• LO6. identify, select and interpret appropriate investigations of the endocrine, gastrointestinal, reproductive and neurological systems to identify significant abnormalities in results and describe principles of management
  • LO7. perform basic clinical procedures relevant to the endocrine, gastrointestinal, reproductive and neurological systems on simulated patients/models or healthy adults to develop practical clinical skills
  • LO8. outline the importance and principles behind patient-centred care to prepare for best clinical practice and patient safety
  • LO9. apply and integrate high-quality evidence with health informatics and biological mechanisms to formulate and solve theoretical clinical cases
  • LO10. describe the social, cultural, historical and political context of population health to identify systemic issues that impact health and the provision of effective healthcare locally and globally
  • LO11. apply basic epidemiological principles and interpret data to measure and monitor the health status of individuals and populations (surveillance)
  • LO12. demonstrate methods of assessing the cost-effectiveness, sustainability and impact of medical interventions and prevention programs implemented by organisations or individuals (evaluation)
  • LO13. reflect on the role of the doctor as an advocate or activist for the health of individuals or communities they serve and critique examples of health promotion, advocacy and activism (health promotion)
  • LO14. incorporate the Indigenous cultures and experiences in a holistic manner and apply a wide range of socio-medical frameworks to develop a response to indigenous health challenges
  • LO15. build informed critical thinking skills to identify strengths and health needs of Indigenous individuals and communities through active listening and collaboration with the patient, family, community to co-produce improved health care outcomes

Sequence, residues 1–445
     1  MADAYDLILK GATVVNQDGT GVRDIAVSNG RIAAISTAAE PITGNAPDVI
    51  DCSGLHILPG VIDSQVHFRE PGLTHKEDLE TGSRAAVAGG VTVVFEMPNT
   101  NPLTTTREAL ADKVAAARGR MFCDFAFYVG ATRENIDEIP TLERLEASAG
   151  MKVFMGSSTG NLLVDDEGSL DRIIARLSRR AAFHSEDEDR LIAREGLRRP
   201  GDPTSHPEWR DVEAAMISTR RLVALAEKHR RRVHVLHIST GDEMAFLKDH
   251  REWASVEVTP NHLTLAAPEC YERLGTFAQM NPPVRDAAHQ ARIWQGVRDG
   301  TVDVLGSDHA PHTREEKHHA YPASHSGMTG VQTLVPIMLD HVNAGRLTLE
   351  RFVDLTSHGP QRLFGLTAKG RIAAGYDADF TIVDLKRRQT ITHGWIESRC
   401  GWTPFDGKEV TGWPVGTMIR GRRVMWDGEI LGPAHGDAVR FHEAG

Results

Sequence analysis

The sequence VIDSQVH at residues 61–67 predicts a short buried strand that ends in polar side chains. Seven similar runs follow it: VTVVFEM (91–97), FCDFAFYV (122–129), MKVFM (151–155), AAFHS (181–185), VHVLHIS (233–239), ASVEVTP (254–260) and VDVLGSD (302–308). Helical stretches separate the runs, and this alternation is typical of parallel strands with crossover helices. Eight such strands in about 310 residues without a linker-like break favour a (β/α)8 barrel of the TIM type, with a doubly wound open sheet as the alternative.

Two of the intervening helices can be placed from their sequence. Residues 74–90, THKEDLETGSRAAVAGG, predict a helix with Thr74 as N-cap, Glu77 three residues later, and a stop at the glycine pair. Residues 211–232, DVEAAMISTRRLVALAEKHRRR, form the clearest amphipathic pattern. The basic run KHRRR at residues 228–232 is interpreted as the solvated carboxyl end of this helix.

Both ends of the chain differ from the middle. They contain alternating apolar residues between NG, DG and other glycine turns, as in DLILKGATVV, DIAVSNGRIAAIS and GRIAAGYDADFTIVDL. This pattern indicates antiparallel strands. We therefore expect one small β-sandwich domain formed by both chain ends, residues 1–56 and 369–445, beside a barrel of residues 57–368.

• LO16. acquire insight into the professional behaviours (e.g. empathy, social awareness, integrity, humility, curiosity, equity and open mindedness) required for future engagement in patient and community-centred, team-based healthcare in an Indigenous healthcare context
  • LO17. apply the theoretical principles and practical implications of Ethics, Law and Professionalism (ELP) for the provision of high quality professional and equitable health care
  • LO18. explain the mechanistic rationale for the choice of pharmacological and non-pharmacological treatment options of endocrine, gastrointestinal, reproductive and neurological diseases determined by the clinical condition, local or national evidence-based guidelines and patient preference
  • LO19. describe the pharmacological, metabolic and immunological basis to build knowledge of drug action, drug interactions and adverse drug reactions of endocrine, gastrointestinal, reproductive and nervous drugs
  • LO20. engage, collaborate and communicate effectively, provide and receive constructive feedback in a respectful manner with all team members to develop a high standard of inter-professional behaviours.

Unit outlines

Unit outlines will be available 1 week before the first day of teaching for the relevant session.